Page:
There are so many amazing green spaces across the Left Bank to explore.
They're not just worth a visit because of flora and fauna, either. Our paths are steeped in centuries-old history which you can explore yourself on an afternoon's walk, or soak up the Left Bank's past and learn more about it through the interesting walking tours hosted by knowledgeable guides at specific sites.
Here are some of our favourites:
Wallasey Days Gone By Tours
Join celebrated local historian Tony Franks-Buckley for a series of ace tours including Bidston Witches and Folklore, New Brighton Smugglers Trail, The History of the Gunpowder Village and more.
Tony tells us: “These walks are very important to retain the heritage of Wallasey. We have an amazing and varied history here. Smugglers, hidden tunnels, the rise and fall of our Victorian seaside resort and life during the war years.
"I love meeting new people who tell me how they have been taken down memory lane, and the younger generations who get a real insight into our heritage.”
New Brighton: A Changing Landscape
Simone Peter is a professional guide – with a coveted Blue Badge to prove it – for a conservation area walk run by the excellent Merseyside Civic Society.
On this evening walk you’ll learn about the history of the area including smugglers’ caves, elegant villas, the Palace and a former defensive Fort Perch Rock.
“New Brighton is a town of many contrasting developments over the years,” Simone says, highlighting the spindly tower and huge Derby Pools, where Morrisons now stands.
Flaybrick Memorial Gardens
“We love to introduce new stories on each walk,” says Robert Dolphin of The Friends of Flaybrick.
“There are important figures, locally, nationally and internationally, who have Flaybrick as their final resting place.”
Walks, says Robert, take around an hour, covering the garden’s 26 acre site. “Flaybrick is also an arboretum and we have a separate tree walk in autumn, which is popular too.”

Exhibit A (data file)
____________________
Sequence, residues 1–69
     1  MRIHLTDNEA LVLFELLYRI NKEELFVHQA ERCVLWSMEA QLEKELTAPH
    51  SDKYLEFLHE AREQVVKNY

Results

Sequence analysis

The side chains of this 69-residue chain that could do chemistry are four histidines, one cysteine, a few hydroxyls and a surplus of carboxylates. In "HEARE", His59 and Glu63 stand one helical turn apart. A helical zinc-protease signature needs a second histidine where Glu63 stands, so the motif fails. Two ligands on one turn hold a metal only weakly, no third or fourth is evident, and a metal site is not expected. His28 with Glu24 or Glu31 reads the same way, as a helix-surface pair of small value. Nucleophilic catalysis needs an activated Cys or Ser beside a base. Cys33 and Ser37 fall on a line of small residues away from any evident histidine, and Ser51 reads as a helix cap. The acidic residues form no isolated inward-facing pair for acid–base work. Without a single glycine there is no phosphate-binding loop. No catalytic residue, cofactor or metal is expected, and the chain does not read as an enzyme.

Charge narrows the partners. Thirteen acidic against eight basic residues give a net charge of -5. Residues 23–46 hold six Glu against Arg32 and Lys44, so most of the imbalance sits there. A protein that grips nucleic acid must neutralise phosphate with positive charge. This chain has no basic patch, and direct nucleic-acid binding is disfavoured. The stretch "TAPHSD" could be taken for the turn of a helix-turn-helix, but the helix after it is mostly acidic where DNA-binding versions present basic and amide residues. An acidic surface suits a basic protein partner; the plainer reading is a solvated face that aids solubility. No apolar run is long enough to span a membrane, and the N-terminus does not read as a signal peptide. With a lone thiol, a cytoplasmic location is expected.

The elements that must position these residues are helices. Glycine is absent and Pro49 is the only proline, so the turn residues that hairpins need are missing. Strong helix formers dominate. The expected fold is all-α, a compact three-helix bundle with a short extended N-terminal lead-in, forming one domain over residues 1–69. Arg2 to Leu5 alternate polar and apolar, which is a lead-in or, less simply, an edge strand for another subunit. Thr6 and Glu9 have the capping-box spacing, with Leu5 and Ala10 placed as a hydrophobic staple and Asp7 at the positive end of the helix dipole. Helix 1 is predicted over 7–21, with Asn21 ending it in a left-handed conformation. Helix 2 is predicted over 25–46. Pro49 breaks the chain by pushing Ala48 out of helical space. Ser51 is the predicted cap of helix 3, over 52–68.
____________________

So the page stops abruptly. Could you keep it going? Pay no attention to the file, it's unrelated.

Officially listed as a Significant Cemetery in Europe, Flaybrick is even part of the European Cemeteries Route. Who knew?
Thornton Hough Village
The pre-Norman Conquest village of Thornton Hough later had links to William Lever, who built Port Sunlight next door.
Here, you’ll visit a tranche of intriguing architectural achievements in a multitude of different styles. The Old Smithy, St. George’s Church and All Saints Church are three examples of a tiny village with much to boast about.
You’re in the capable hands, and learned mind, of Blue Badge Guide, Cindy Brown. Keep an eye on the Civic Society site – it has at least a tour a month to keep you busy, informed and fit.
Bromborough Then And Now
In 937AD the Battle of Brunaburgh took place – many consider Bromborough to be the historical location.
Whether Owain of Strathclyde and Olaf Guthfrithson, King of Dublin did indeed face off against Aethelstan of England here or not, the battle itself is often called the birth of England. Not a bad fact to know in a pub quiz, that.
What is clear is that there’s a 13th century cross in the heart of modern Brom, and in the company of Cindy Brown you’ll hear all about that, plus many other interesting true tales.
Find an appreciation of the architecture, not least the gorgeous St. Barnabas Church, on the grounds of a monastery built in 912.
“The story of William Lever’s 19th century creation is fascinating,” says Brian Pilkington, marketing and communications manager for Port Sunlight Village Trust. “Providing healthy, comfortable housing with beautiful architecture and surroundings, here in Port Sunlight.”
The walking tour transports you through the village to understand how it was built.
Sights seen along the way include the impressive boulevard known as The Diamond; one of the most significant war memorials in the country; Lever House and what remains of the original soap factory; the picturesque Dell park and much more.
Then again, you could just walk… for fun!
Ramblers Wellbeing Walks are a sociable way to get active and explore the best bits of our Left Bank’s great outdoors.
They take place across the region – from Birkenhead Park to Arrowe Park, Wallasey Village to Royden Park.
“They’re short, friendly and usually weekly events,” says Anne Litherland, who leads the Wallasey excursions.
“We’ve been doing them for the past 20 years, thanks to a great team of volunteers.”
Image credits: Martin Travis and Jonathan Keenan